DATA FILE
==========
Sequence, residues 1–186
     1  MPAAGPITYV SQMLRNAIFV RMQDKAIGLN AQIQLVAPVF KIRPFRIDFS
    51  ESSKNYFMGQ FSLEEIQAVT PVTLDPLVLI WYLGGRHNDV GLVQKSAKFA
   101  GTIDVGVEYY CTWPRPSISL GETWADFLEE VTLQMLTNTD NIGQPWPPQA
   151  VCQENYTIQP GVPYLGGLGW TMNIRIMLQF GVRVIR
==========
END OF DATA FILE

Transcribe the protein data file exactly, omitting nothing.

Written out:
Sequence, residues 1–186
     1  MPAAGPITYV SQMLRNAIFV RMQDKAIGLN AQIQLVAPVF KIRPFRIDFS
    51  ESSKNYFMGQ FSLEEIQAVT PVTLDPLVLI WYLGGRHNDV GLVQKSAKFA
   101  GTIDVGVEYY CTWPRPSISL GETWADFLEE VTLQMLTNTD NIGQPWPPQA
   151  VCQENYTIQP GVPYLGGLGW TMNIRIMLQF GVRVIR